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Amongst a box filled with stretched canvas and paintings on wood, we re-discovered these fantastic landscapes of the local area. Both painted by Vanessa Bell, the first is of the old Coach Road looking towards Firle Tower on the right. The leaves on the trees appear to be blowing in the wind, the farmland and coach road painted lightly in pinks and purples to represent the human touch on the landscape…

Source: Local Landscapes of Firle | The Charleston Attic

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Woolfians who can travel to Cornwall in September may be interested in these two events with Sarah Latham Phillips, author of Virginia Woolf as a ‘Cubist’ Writer, available from Cecil Woolf Publishers.

Cornwall

St. Ives September Festival, Virginia Woolf & Vanessa Bell

When: Friday 15 September 2017, 10:30 a.m.
Where: Porthmeor Studio, Back Road West, St Ives, Cornwall, TR26 1NG

What: Two artistic sisters: Virginia Woolf & Vanessa Bell, who spent part of their childhood in St Ives. Sarah will discuss its influence on their art and writing and their own relationship and ambitions.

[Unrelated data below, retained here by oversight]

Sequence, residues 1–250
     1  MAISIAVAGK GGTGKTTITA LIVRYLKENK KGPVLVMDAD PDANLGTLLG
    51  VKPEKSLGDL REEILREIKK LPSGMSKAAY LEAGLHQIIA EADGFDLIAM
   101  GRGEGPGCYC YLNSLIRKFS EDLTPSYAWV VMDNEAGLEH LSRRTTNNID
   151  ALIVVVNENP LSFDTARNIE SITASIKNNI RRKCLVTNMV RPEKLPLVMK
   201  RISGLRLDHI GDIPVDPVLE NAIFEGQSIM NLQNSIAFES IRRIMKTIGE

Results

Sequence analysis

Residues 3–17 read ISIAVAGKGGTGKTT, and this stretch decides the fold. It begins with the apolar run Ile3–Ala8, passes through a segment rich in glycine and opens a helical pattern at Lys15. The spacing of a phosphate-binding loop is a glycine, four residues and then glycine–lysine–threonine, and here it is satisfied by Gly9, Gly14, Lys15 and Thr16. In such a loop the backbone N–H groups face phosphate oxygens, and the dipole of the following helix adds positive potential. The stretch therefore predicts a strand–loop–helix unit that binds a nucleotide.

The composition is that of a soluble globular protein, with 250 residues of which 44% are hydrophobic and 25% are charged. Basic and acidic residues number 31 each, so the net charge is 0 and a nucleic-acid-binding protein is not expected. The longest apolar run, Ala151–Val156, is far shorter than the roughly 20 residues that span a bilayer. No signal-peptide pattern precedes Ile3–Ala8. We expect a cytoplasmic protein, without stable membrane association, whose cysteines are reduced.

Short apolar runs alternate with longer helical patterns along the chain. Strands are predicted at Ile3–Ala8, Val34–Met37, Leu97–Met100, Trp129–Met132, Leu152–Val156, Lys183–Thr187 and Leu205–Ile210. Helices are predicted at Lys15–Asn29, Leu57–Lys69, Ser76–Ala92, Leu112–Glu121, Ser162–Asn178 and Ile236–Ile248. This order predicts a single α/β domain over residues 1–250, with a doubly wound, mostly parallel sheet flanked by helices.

Cost: Tickets £5.50
Reservations: at http://www.crbo.co.uk/events.php?evGrp=195

Virginia Woolf’s To the Lighthouse

Godrevy Lighthouse, St. Ives, Cornwall

When: Monday 18 September 2017, 10:30 a.m. – 4:15 p.m.
Where: Red Store, Riverside, Lerryn, Nr Lostwithiel, Cornwall,
PL22 OPZ

What: Study day on To the Lighthouse
Cost: Tickets are £25 for the day and include coffee, tea and biscuits. Bring your
own lunch.
Reservations: Please contact Sarah at phillipsfamily1234@yahoo.co.uk for further details.

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It’s National Dog Day. And of course there are ties-in to Virginia Woolf.

Number one: She had dogs. Number two: She wrote a book about a dog — Flush (1933), told from the perspective of Elizabeth Barrett Browning’s cocker spaniel.

As children, Virginia and the other Stephen siblings had a gray shaggy terrier named Shag, which was sent by train to Talland House, their summer home in St. Ives, Cornwall to help catch rats.